For Frank McCourt and Pat Conroy lovers, an incredibly moving memoir of a Southern "boy" fighting amazing odds of poverty and dysfunction to become a Pulitzer prize winning New York Times reporter. — Barbara Morrow
NATIONAL BESTSELLER • From the Pulitzer Prize–winner and bestselling author, "a grand memoir.... Bragg tells about the South with such power and bone-naked love ... he will make you cry" (Atlanta Journal-Constitution).
This haunting, harrowing, gloriously moving recollection of a life on the American margin is the story of Rick Bragg, who grew up dirt-poor in northeastern Alabama, seemingly destined for either the cotton mills or the penitentiary, and instead became a Pulitzer Prize–winning reporter for The New York Times. It is also the story of Bragg's father, a hard-drinking man with a murderous temper and the habit of running out on the people who needed him most.
But at the center of this soaring memoir is Bragg's mother, who went eighteen years without a new dress so that her sons could have school clothes and picked other people's cotton so that her children wouldn't have to live on welfare alone.
Evoking these lives—and the country that shaped and nourished them—with artistry, honesty, and compassion, Rick Bragg brings home the love and suffering that lie at the heart of every family. The result is unforgettable.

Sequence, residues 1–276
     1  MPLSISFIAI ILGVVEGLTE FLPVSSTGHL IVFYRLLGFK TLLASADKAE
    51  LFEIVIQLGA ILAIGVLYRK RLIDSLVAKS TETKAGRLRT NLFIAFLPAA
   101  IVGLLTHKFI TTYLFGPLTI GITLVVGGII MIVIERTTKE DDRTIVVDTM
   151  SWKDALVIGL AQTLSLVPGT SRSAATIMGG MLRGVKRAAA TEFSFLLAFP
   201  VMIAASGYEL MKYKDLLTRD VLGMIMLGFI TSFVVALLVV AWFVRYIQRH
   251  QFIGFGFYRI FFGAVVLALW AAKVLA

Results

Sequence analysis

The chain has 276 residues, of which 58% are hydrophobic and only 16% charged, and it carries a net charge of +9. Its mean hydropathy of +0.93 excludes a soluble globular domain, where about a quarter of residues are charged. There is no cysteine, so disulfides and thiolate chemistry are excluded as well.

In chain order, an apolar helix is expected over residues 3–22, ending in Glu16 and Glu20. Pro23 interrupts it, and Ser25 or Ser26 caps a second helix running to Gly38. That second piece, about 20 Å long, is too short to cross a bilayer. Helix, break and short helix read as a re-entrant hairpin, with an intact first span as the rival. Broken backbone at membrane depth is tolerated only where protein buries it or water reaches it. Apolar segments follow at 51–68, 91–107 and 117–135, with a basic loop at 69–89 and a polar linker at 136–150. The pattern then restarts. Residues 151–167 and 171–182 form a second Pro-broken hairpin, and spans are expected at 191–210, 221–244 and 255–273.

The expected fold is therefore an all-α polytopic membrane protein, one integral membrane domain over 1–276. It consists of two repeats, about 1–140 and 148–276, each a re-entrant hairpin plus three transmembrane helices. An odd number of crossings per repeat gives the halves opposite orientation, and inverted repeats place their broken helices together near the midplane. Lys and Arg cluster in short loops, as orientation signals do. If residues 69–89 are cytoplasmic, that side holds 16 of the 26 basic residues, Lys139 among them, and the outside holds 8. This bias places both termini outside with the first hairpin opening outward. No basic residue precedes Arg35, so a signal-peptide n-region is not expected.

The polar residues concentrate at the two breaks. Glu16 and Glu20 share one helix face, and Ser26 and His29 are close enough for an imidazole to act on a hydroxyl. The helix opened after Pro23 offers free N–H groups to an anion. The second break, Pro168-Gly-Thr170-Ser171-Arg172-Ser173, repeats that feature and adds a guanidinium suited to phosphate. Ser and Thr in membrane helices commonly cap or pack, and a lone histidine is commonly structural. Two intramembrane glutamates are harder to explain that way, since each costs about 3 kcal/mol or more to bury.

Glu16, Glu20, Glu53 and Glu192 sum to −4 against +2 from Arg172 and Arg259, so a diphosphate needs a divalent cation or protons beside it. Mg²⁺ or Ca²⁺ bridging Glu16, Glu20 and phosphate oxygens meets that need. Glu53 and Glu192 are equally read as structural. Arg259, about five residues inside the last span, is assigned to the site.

About the Author
Rick Bragg is a national correspondent for the New York Times. He is based in Atlanta, Georgia.
A New York Times Notable Book
"A grand memoir.... Bragg tells about the South with such power and bone-naked love...he will make you cry." —Atlanta Journal-Constitution
"Part memoir, part confession, [this book] has everything to do with the South and nothing at all.... Like all good writing, it transcends the particulars of time and place." —Raleigh News & Observer
"A record of a life that has been harrowing, cruel and yet triumphant, written so beautifully he makes the book a marvel." —Los Angeles Times
"A deeply affecting book.... Bragg captures the rhythms of small-town life with grace and pathos." —Chicago Tribune